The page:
• Named Entity Recognization has been an interest in part because we have a larger goal. We want to make ArchiveGrid browsable.How does browsing work on the web? A variety of ways.We’re accustomed to wikipedia-style links. If I see a name of a person I expect to link to documents related to that person.Subject headings can provide a nice way of clustering similar documents, but broader/narrower categories may not be supported.Links between entities are an effective browsing method. Co-occurrence becomes meaningful in finding relationships.And recommender systems are also common, but for these to work you need lots of data (about the materials, from use of the system, etc., and ArchiveGrid data is relatively sparse)We decided to concentrate on the 3rd … links between entities
  • We used a Named Entity Recognition tool developed by Dan Roth at the University of Illinois at Urbana-Champaign, and extended by Jean Godby and Devon Smith in OCLC Research.It ran nicely out of the box, in particular for names of people, groups and places, when we applied it to our aggregation of 130,000 EAD finding aids.But our task was to annotate relations: the correspondence between entities. Generating gold training data is critical, and really difficult (at least for us). We expected to need about 1,000 annotated documents in order to help train the model for finding relations in EAD documents. Between a few of us, it was taking a tremendous amount of time and effort to assemble that set. We lacked the time and resources, and the subject expertise, to build a sufficient store of reliable training data.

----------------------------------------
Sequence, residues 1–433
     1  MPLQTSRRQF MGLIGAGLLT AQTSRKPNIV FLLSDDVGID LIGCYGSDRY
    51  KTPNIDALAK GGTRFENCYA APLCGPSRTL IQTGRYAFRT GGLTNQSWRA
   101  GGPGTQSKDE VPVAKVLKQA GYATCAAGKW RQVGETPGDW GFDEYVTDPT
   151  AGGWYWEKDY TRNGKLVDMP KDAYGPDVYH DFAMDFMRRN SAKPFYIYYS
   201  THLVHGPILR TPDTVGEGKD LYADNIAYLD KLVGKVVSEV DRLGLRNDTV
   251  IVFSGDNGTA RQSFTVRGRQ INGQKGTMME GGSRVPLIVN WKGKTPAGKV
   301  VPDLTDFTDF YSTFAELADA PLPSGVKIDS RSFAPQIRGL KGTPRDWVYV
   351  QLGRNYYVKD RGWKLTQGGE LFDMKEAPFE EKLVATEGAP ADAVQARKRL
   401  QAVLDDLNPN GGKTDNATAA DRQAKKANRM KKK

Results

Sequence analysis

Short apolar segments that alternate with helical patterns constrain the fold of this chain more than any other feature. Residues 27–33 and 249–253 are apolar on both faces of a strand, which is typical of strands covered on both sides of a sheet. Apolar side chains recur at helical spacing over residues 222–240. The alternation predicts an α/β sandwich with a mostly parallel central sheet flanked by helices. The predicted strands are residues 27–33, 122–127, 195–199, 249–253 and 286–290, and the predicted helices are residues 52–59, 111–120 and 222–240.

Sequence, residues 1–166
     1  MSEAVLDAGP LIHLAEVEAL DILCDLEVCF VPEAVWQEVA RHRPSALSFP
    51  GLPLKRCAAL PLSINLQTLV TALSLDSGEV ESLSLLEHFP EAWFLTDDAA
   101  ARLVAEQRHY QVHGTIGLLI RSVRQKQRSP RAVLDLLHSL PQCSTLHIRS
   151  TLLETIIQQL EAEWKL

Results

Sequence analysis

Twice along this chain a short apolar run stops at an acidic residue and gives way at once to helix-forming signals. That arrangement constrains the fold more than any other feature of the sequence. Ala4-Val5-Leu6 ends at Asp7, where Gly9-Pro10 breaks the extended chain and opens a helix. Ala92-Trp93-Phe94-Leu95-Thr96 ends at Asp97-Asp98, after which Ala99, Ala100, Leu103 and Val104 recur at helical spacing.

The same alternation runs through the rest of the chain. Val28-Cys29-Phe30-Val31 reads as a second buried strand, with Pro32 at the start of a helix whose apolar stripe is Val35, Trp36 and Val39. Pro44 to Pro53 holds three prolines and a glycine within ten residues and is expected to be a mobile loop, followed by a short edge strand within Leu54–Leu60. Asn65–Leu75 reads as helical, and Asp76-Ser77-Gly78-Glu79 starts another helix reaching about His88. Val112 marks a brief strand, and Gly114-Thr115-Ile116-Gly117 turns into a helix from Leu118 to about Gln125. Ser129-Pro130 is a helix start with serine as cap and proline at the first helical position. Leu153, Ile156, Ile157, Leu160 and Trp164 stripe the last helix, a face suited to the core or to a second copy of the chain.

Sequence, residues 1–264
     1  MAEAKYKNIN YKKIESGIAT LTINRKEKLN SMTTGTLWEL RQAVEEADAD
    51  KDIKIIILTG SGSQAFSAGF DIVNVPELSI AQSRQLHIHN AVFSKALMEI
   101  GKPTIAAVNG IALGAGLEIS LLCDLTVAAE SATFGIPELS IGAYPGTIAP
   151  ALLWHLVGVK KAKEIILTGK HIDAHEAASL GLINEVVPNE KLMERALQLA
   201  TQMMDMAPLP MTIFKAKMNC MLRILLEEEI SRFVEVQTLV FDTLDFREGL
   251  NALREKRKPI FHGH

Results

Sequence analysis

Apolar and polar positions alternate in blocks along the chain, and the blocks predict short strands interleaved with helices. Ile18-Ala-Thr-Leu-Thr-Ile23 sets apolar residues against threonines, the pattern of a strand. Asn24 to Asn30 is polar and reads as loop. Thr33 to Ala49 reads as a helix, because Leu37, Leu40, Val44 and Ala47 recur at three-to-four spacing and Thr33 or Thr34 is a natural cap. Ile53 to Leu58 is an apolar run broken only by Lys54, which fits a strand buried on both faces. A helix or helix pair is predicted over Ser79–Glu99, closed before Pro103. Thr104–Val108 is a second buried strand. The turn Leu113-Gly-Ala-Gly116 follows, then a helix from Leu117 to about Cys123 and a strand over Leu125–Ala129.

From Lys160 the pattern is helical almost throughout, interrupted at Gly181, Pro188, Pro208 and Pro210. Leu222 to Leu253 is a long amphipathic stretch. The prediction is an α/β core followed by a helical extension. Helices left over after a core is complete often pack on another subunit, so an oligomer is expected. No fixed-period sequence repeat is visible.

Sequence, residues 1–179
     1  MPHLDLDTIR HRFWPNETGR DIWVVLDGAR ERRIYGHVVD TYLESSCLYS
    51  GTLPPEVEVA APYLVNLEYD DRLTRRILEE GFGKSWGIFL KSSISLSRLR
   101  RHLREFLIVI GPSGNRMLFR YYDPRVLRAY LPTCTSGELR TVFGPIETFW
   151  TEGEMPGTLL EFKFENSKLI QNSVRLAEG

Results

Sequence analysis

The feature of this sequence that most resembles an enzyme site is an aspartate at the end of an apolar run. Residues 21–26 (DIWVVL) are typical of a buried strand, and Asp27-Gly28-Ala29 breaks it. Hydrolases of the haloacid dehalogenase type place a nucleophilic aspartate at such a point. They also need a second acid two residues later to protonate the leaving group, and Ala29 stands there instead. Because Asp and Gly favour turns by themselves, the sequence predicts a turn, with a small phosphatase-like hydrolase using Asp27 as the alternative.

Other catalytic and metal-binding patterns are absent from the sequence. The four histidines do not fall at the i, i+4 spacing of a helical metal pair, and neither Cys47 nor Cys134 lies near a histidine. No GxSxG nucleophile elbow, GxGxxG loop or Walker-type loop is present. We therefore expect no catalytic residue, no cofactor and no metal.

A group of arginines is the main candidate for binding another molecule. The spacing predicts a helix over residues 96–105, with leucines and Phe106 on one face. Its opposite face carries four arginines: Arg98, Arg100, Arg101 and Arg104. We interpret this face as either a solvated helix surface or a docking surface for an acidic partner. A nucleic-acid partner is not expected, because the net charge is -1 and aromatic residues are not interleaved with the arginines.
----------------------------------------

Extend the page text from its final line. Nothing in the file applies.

• We went back to thinking about the 2nd option, clustering around related categories and classifications.It’s very problematic to tell if documents are about the same thing, and that’s especially true when the description in highly variable.We need ground truth data in order to train a model that is able to effectively cluster this type of data
  • We considered some ways to assemble ground truth data for clustering.Attempting to derive connections and ground truth from the prior work of others building exhibit sites based on archival collections was a cute idea but not very reliable.The second approach may be very biased to the annotators, model, and sample.The third approach intrigued us and led to another kind of investigation.
  • We began developing an idea for how a crowd-sourced application might work, to gather expert views on how archival collection descriptions relate to a topic.
  • While we were getting some intriguing ideas about how we might build an environment where ground truth data could be assembled, we had questions about who would use it.Will it be researchers who have dug around archives? Archivists who are knowledgeable about their own collections but not necessarily others? What kinds of mechanisms could be used to get people to collaborate?